If we designed all our public areas and homes to be also accessible to children.

If all parents could take their children to nursery where they worked.

If what we consider part time hours are regular hours, and the pay adequate for both parents to work, and have plenty of time to be with their children as well.

This is a video of Montessori classroom moments. It illustrates the beauty of a proper environment, in which you can almost hear the child humming with happiness from their purposeful activities.

I don’t think I can quite put in words precisely what it feels like. But I would like to be a part of making that a reality.

If enough of us hold a vision in our heads, we can change the course of humanity.

The image that comes to mind when I think of not thinking

21 Nov

I’m standing inside a small courtyard, surrounded by 4~5 story buildings with a bit of age on them. The courtyard is sparse and whitewashed, with a narrow tall dark metal door leading to the Outside World. The buildings painted white and blue with paint chipped some wheres. A few potted plants in plain torquise or earthen bowls dot the courtyard, gathered in little clusters to the side. You can imagine skinny brown half-dressed children running through here; this space retains an echo of excited squeals. But for now it is noon, close to the monsoon, and the air is ripe with the beads of anticipating moisture. And my body has lived here all my life so it feels cool to me, my skin dry against the thin muslim that covers me. The air is silent and streamed with sunlight full of dancing golden dust. I feel quiet inside, present and loose, as though a strong gale could topple me but I could not mind. I am slightly curious but un-opinionated, like a faun stepping gingerly through the thickets I sense my environs with relaxed caution.

And there is no one leaning over the balustrades shouting greetings, dispensing admonitions. All the neighbors are sleeping or away at a party. And my situation is poor, but not desperate, with neither prospect nor desire. And I smile mildly at the knowing that there will always be chai, in red clay cups the size of your palm, with which, perhaps later, another palm will join.

Library gets new books, and other things…

11 Dec

I was browsing through the university library, when I discovered, to my surprise and delight, that there were exactly three books put together on the shelf that I myself owned and liked. “The Iron Wall: Israel and the Arab World” by Avi Shlaim (very very good look at Israeli diplomacy from declaration of statehood up to 1998), “Propaganda” (recommended to me but not yet read) and a book on the Mossad that I’d snatched up in Singapore under the nose of a Saudi friend who was interested in the issue as well.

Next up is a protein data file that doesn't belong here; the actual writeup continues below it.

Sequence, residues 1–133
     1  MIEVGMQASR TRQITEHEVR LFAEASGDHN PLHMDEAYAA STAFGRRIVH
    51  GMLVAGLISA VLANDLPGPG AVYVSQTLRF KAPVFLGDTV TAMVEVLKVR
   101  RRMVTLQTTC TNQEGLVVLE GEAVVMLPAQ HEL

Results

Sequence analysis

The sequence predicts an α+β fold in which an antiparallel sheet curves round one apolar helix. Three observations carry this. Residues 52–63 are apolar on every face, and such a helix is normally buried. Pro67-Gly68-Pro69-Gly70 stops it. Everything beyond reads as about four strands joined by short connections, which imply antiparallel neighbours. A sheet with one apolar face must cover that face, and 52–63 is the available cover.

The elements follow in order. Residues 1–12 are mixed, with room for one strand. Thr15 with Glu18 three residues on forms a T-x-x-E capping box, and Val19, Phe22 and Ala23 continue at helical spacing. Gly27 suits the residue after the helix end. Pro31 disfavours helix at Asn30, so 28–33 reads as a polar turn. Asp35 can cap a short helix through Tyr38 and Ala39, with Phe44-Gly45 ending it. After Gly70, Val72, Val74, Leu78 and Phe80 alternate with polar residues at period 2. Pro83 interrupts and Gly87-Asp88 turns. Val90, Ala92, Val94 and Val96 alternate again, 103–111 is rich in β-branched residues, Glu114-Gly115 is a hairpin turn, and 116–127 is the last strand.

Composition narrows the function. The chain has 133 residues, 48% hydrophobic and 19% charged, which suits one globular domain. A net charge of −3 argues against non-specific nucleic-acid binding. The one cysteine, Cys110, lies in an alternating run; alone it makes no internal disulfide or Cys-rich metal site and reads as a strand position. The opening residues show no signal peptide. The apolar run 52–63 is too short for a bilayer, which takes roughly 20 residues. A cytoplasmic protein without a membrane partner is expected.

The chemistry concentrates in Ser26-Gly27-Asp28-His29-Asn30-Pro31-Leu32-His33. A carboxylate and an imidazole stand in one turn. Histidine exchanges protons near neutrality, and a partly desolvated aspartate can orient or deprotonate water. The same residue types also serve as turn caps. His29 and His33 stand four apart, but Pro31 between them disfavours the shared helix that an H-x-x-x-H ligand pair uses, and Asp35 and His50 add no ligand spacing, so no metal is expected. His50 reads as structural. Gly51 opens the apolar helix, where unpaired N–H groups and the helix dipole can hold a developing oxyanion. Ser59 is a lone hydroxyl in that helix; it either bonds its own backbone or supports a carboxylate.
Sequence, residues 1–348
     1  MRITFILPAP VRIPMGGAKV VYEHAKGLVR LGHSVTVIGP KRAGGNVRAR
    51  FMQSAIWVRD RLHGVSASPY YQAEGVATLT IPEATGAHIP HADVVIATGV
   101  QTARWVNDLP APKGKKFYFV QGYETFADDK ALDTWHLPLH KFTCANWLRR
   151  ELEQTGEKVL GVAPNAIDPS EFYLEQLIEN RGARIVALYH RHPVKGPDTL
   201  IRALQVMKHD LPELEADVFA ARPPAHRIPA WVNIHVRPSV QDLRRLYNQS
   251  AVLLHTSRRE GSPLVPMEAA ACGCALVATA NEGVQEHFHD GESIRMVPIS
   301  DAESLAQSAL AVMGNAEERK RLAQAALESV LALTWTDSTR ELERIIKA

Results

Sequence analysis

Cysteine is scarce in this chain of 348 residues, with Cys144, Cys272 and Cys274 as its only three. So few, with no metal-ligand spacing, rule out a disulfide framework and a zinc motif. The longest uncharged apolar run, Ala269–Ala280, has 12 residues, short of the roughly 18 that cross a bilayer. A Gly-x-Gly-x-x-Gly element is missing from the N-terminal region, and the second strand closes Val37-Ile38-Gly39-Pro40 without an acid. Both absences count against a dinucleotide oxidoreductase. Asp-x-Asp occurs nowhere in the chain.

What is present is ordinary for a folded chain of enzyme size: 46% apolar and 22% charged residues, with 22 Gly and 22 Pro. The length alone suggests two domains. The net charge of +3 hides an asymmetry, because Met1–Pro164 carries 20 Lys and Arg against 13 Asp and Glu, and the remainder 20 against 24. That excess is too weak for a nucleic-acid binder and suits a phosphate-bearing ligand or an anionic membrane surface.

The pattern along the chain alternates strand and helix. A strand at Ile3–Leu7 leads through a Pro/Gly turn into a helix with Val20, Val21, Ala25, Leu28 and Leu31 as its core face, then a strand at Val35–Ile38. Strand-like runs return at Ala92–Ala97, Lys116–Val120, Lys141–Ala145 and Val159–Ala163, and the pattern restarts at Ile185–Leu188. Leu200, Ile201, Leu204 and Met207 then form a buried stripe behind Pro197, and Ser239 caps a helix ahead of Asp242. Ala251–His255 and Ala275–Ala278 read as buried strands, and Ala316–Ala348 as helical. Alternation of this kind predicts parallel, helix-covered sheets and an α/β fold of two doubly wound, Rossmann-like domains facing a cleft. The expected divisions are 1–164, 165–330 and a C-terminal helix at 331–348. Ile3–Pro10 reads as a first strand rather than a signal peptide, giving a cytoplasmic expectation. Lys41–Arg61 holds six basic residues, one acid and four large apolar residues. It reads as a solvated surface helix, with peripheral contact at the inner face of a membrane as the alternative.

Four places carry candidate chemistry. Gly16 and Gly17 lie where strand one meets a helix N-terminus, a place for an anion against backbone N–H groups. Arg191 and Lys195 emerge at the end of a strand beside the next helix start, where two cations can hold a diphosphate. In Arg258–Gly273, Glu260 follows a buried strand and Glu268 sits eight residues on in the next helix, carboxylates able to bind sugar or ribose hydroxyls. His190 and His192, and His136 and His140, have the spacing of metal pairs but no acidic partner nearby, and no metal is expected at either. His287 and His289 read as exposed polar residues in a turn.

And then there were several relating topics in which I was interested in… the integration of knowledge into our socio-political system, for example “States of Knowledge”, the funny thing being, topics are hardly as delineated as we might think when we look at new books. The span of novels, for example, explore history, human interaction, gender and romance. A bibliography of a scientist can delve just as much into his area of expertise as it might delve also into the politics of the time – and what he has not said of his life can fill books. There is a trepidation when I scan books, as though any second now I could fall into this abyss, this soup of absolute wonder and new territories. And I forget, once in a while, that a great deal of my soul’s sustenance comes from this. So that when I wander, bone-weary of all my pursuits and non-pursuits, into a library, I always find some temporary respite that surprises me.

Of course the world of now is important. Of late it seems that I am more substantial than I used to be — that I exist more. And yet I am still never completely sure of some of my opinions. I am still not willing to condemn or condone and make that a material part of me. I still do not feel like a force to be reckoned with, as the great men of books appear to be. It is simply that I am learning, gradually, the ‘reasons’ for the rights and wrongs that we have always assumed. Because I cannot believe blindly. And I am also learning to stop staring at myself, to let go, though I’ve always considered this existence a mystery. But a creature unbuilt can be wearisome to look at. And I want to look at others more. For it’s so short, the time we have together.